Saturday, July 11, 2009

Case of Emin and Adnan gets attention of bloggers

I'm not sure it will help, but I don't think the publicity about the case of Emin and Adnan will hurt. Among the websites carrying information about this case are OL!, Elites TV, Reporters Without Borders, and Human Rights House.

In other news, a businessman was convicted in U.S. court of conspiring to pay bribes to late President Heydar Aliyev and other government leaders. What is unusual about the case is that it actually went to trial! Will the case have any repercussions in Azerbaijan? I doubt it.

Victims jailed and the guilty parties walk

Emin Milli and Adnan Hajizada have been sentenced to two months "pre-trial investigative detention." Presumably this is for investigation into the incident where they were both assaulted and seriously injured. Confused? You should be.

There is a movie called Absurdistan. Azerbaijan is perceived to be the model for the fictional country. It is such incidents that cause such perceptions. Yes, if you are assaulted in Azerbaijan, you will be jailed and your assailant will go free.

Of course, this is the case if you are a trouble-making activists like Emin Milli and Adnan Hajizada. Emin Milli was agitating on the Internet, using Facebook to get the word out about protests and the conditions in Azerbaiajan. Adnan Hajizada was one of the founders of OL Youth group. This group also used the Internet to publicize the problems that young people in Azerbaijan face. Radio Free Liberty has an article about the case. Global Voices and Flying Carpets and Broken Pipelines write about the case as well.

Officials from the US Embassy & the Norwegian Embassy are objecting to the persecution of the activists - but I don't hold much hope that external pressure will change things. To me, the case is a reminder that even authoritarian governments are not monolithic. Within the power structure, there may be different elements that have different agendas. Some people in Azerbaijan breathed a sigh of relief last month, when legislation concerning NGOs was not as restrictive as feared. As it was - it is plenty restrictive - but perhaps it was less than some hard liners wanted. Here is an example of the hard line elements in the government taking off their gloves - and showing human rights activists - and the populace in general - that they better not make noise about the thieves who are running their country.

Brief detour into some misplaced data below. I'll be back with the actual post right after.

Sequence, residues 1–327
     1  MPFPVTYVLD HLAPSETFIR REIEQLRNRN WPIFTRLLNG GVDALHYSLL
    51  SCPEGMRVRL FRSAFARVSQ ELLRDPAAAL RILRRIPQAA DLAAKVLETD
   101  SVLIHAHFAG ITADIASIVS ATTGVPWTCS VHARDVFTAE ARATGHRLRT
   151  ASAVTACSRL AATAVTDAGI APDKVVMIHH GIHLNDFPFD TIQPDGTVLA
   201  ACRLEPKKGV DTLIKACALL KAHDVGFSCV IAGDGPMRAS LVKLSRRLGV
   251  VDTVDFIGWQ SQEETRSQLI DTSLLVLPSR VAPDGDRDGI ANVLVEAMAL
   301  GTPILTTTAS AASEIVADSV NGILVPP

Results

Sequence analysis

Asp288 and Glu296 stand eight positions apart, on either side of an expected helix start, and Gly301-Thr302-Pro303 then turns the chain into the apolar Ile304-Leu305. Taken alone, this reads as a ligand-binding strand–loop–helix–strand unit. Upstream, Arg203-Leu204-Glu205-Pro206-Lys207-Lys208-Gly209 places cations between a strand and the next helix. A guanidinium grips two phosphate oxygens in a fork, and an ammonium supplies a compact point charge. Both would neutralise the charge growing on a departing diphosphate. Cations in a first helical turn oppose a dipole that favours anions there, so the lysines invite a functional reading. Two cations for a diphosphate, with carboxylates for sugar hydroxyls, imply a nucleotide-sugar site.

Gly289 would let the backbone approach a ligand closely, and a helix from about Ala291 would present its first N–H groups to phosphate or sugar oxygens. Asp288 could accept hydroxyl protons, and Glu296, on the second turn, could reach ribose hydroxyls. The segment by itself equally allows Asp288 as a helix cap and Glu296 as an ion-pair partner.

Friday, July 10, 2009


This little resident of a pond in North Carolina - photographed by me last week - now gets to travel around the world!

Thursday, July 9, 2009

Emin Milli and Adnan Haji-zadeh at Police Station

Here is the ANTV clip that shows an interview with one of the two activists beaten by thugs in Baku a couple of days ago. No charges brought against the people who beat them. Of course, the activists who were the victims are the ones who are presumed to be guilty. As one of my friends in Baku remarked, "Nothing new here."

Monday, July 6, 2009

Azeri vs. Azerbaijani

I came across this video today - which confirms what I had been told by an Azerbaijani friend.